An oft lamented consern is the difficulty in finding a co-founder. Next to this is the regular discussion of what kind of founder to get, how to know you've got a good one... and all the possible problems that can happen when founders don't agree.|
Well, I'm am old man at almost 40 and I've spent the last 18 years working for startups of less than 100 people, many of them successful, and almost all of them founded by more than one person-- and in almost all situations I knew at least one of the founders very well.
The number one thing that caused the unsuccessful companies to fail was fights between the co-founders. And the successful ones-- were ones where the co-founders were very harmonious, because they had worked together for years before founding the company (multiple instances of this.) Of course, there were also instances where co-founders had worked before and they still fought all the time.
A co-founder is not what you need, unless you already have one, and you have as good a relationship with them as the best relationship you've ever had with anyone in your life. If you KNOW you're not going to have a problem, then great.
But for most of you-- those who don't know others who are as entreprenurial or don't already know someone - and have known for quite awhile that they would be a good co-founder-- you should not get a cofounder.
I know that PG says you need a co-founder, but while his intentions are good he's slightly off the mark. Sure, its better to have more than one person in the company... and feel free to call your second thru fourth employees "co-founders" or give them "founders stock"... whatever.
But at the end of the day, if its your idea and you are the one who has decided to dedicate the next several years of your life to this project, then found the company and make everyone else who joins you an employee.
Employees can have good chunks of stock. But you gotta have the authority question out of the way. You have to be a good leader to run a company... and getting people in you don't know too well works much better when you both know they are employees (Even if they are called founders or whatever, how about "founding team" or "founding employees".)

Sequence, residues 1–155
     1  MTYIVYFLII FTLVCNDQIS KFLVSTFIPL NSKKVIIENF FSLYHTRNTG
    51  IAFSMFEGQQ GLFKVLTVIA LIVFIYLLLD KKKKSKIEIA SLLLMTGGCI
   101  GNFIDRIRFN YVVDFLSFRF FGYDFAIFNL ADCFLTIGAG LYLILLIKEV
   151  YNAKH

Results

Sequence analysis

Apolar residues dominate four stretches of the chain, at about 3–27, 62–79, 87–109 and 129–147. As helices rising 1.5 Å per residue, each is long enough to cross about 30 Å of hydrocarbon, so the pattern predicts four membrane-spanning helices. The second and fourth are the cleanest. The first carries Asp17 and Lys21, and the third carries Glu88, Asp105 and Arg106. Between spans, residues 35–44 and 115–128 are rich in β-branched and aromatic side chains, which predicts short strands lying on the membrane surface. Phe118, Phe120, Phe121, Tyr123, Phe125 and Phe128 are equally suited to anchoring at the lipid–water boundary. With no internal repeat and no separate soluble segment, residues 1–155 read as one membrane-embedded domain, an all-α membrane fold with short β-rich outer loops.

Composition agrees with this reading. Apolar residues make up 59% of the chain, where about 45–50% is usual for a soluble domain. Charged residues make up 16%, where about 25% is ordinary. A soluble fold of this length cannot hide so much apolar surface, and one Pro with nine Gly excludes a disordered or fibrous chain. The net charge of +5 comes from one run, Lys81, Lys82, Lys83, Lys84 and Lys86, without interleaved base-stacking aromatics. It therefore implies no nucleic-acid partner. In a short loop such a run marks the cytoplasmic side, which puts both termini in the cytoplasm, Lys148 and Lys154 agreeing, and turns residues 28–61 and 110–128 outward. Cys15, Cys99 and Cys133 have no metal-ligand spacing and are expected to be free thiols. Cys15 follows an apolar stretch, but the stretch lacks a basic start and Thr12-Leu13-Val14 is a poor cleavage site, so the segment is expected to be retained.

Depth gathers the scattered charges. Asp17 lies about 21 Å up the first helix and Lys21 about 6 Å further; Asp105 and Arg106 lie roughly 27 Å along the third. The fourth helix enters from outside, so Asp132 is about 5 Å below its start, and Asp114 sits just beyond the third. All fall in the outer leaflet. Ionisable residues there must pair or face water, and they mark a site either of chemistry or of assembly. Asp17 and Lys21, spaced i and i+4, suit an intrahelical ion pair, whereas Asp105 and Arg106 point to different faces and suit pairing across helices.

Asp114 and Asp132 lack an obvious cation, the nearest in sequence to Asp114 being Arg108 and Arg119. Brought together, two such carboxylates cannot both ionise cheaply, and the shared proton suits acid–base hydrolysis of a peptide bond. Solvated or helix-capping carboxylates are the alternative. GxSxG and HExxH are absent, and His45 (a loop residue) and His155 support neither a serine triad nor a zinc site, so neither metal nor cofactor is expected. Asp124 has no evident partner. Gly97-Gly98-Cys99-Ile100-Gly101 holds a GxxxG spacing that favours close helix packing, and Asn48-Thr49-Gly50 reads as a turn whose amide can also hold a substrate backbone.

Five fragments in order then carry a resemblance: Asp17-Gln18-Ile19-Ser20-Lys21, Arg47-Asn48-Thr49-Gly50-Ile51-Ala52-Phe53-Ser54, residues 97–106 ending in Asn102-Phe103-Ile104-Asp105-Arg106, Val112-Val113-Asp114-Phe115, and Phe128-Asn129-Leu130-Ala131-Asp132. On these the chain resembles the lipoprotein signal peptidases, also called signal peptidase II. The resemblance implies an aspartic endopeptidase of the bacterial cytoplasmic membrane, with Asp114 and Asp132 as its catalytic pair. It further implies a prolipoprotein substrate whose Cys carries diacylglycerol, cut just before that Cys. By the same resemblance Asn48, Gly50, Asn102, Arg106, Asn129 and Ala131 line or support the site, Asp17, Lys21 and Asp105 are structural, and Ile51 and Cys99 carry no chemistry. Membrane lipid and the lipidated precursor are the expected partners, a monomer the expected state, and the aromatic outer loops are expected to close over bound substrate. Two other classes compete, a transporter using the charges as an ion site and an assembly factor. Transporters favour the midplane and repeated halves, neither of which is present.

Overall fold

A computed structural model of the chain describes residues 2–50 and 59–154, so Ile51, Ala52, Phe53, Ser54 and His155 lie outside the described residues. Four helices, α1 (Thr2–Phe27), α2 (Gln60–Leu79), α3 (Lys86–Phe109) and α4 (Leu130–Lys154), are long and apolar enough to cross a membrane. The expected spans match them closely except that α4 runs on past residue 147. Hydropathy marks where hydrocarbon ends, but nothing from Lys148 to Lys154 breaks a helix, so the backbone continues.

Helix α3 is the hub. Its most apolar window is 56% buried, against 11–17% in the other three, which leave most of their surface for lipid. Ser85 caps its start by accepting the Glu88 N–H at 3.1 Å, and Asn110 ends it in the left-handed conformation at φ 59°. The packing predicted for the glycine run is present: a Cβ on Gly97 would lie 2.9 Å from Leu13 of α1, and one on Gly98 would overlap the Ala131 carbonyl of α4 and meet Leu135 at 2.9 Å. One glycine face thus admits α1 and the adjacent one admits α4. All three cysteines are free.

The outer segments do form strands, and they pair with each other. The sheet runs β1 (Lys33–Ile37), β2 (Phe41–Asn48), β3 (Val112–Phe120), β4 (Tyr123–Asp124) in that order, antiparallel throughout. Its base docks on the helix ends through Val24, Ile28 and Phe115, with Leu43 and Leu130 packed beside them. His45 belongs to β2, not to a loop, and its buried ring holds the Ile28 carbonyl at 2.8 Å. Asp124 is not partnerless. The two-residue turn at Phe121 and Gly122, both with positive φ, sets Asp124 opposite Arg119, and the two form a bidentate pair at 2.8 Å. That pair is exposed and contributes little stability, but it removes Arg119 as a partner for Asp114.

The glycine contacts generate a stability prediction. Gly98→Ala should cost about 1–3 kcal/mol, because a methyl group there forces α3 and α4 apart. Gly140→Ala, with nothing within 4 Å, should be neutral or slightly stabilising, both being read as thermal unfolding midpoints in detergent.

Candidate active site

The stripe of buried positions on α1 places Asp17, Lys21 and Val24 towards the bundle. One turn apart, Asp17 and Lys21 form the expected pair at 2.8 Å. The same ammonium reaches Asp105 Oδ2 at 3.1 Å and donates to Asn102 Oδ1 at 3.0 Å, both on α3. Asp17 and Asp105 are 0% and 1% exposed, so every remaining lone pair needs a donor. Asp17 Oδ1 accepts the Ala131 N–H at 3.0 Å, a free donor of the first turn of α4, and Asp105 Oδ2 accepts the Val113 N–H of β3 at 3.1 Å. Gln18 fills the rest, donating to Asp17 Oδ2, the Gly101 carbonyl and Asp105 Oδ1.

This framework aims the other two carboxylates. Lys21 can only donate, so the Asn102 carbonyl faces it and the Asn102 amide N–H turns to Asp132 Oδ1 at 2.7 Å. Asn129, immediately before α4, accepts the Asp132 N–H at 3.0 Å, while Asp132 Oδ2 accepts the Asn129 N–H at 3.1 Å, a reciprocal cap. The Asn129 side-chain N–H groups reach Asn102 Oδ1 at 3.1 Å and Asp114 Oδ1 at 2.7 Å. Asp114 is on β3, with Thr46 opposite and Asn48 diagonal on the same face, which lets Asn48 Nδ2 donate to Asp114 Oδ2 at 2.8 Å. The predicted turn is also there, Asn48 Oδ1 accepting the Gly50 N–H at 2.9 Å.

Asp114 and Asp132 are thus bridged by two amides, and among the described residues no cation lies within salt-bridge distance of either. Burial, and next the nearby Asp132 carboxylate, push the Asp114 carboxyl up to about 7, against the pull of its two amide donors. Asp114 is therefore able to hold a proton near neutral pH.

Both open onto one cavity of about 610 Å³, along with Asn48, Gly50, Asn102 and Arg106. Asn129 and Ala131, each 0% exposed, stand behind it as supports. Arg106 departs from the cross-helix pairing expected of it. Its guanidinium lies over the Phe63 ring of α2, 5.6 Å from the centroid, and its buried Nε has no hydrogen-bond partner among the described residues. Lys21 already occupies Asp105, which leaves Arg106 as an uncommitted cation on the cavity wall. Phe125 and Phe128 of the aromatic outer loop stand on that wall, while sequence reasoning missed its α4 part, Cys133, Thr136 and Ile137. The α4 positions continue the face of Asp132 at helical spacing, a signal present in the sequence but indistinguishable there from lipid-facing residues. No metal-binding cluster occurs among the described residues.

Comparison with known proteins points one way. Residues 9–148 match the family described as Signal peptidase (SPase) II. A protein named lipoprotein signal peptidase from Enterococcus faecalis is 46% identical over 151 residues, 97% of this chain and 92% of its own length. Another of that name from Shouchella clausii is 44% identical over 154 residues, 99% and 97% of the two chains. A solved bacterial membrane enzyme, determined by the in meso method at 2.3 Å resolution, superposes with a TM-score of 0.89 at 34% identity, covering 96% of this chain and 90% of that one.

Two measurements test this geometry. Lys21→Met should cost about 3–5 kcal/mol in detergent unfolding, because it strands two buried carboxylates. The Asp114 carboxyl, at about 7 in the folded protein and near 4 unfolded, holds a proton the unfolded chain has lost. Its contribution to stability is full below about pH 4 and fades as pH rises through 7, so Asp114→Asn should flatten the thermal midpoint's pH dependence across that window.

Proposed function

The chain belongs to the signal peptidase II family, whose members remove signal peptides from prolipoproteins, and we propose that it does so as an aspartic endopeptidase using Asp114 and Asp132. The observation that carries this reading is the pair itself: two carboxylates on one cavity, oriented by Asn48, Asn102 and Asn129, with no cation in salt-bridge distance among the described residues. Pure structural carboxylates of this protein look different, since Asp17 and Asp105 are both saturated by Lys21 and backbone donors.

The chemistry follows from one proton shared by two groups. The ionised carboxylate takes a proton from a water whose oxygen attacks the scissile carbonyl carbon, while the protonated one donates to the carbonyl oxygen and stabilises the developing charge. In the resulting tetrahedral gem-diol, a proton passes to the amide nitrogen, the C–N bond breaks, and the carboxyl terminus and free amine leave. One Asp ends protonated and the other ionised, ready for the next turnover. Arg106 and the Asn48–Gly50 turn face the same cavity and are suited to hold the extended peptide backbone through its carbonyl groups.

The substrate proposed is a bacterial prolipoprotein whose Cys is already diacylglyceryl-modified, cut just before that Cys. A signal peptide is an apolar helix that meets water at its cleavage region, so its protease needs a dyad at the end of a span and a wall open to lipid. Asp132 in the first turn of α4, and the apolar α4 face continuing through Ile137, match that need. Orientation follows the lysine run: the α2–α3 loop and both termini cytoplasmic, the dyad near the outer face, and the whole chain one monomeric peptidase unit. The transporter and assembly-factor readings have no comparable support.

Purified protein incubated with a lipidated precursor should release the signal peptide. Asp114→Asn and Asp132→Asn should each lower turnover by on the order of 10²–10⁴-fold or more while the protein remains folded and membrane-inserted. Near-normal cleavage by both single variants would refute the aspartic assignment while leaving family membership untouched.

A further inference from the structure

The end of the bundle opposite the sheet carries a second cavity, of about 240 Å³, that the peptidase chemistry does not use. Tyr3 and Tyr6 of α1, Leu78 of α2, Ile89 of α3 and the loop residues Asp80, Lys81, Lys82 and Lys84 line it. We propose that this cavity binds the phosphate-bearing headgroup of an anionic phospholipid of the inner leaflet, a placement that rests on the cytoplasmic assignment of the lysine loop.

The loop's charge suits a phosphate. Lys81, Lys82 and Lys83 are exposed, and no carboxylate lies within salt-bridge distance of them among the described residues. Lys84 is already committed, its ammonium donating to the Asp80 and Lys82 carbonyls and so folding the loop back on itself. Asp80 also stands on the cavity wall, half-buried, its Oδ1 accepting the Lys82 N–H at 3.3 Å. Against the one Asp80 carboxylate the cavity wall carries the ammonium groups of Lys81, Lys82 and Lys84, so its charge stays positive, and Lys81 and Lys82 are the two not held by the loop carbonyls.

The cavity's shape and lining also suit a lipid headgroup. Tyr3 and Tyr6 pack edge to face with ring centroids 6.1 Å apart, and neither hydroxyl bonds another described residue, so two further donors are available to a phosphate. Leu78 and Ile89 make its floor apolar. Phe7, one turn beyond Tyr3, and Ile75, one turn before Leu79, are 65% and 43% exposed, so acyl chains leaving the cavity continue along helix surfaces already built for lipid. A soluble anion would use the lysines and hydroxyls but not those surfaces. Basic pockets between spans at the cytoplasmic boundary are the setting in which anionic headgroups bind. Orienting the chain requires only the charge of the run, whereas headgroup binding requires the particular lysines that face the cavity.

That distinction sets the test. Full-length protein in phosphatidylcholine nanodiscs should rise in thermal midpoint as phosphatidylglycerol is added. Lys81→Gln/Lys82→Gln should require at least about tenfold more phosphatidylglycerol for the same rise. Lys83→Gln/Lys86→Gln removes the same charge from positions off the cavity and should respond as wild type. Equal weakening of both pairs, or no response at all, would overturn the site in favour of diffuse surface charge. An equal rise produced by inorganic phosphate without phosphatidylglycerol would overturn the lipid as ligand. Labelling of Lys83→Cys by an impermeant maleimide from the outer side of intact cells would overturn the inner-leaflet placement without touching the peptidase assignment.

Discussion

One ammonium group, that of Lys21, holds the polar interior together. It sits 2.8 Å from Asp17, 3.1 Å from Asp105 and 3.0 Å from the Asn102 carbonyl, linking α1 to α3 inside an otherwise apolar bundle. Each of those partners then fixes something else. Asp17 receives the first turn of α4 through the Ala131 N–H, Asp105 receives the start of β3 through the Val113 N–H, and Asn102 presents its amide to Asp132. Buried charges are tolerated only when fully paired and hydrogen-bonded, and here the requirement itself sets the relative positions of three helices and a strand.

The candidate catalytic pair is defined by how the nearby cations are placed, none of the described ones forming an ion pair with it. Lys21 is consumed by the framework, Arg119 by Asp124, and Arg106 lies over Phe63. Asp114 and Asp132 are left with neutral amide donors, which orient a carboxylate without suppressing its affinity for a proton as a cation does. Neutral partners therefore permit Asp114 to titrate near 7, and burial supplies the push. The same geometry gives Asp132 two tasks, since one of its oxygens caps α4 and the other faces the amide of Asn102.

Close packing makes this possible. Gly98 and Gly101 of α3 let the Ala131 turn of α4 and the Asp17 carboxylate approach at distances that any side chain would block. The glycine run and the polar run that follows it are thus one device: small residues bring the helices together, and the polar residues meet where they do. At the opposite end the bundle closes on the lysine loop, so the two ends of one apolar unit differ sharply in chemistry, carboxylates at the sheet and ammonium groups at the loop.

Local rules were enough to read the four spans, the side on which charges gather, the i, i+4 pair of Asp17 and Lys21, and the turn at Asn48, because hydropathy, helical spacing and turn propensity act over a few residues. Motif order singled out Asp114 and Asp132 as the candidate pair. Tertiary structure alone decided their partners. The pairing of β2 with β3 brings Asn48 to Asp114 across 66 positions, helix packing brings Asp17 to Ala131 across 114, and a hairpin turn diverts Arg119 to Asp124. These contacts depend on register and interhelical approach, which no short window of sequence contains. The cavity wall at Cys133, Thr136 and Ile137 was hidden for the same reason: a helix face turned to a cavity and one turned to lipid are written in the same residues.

Its better for you to have the ultimate say and make a few wrong decisions, than for you and your co-founders to be fighting.
Nobody will ever have as much passion for the idea than the originator, and genuinely visionary people understand their idea on a level and in a context that nobody else will ever... thus you have to lead.
Next to Venture Capitalist (who force companies to misallocate funds or go after longshots and abandon sure things), co-founders are the biggest reason companies fail. And actually its even worse- when you have co-founders VCs like to get involved and start manipulating things.
Every time I've seen one founder pushed out or marginalized in favor of other founders by the VC firm, the company has not lasted 9 months after that.
For an example of the success of a single founder with founderr employees--look at Amazon.com. Bezos is clearly the founder, and he got engineers in early, they got good stock, but they knew what they were. The company would be much different if these employees had thought they were equal with the guy who had the vision.
So, those who are desperately seeking a co-founder.... stop... employees are much easier to find anyway. And you can find ones who will take stock as compensation. (Just don't be stingy-- I once was in talks with a company who was building out the founding team and offered me %1 stock plus a serious pay cut... I turned them down-- why take the real risk of a pay cut when there's no equity upside?)
Anyway... think about it-- and don't be held up waiting for that founder... start pressing forward without one and when you need to build your team, bring people on who are ready to follow you... and when their egos are not involved, things will go much better.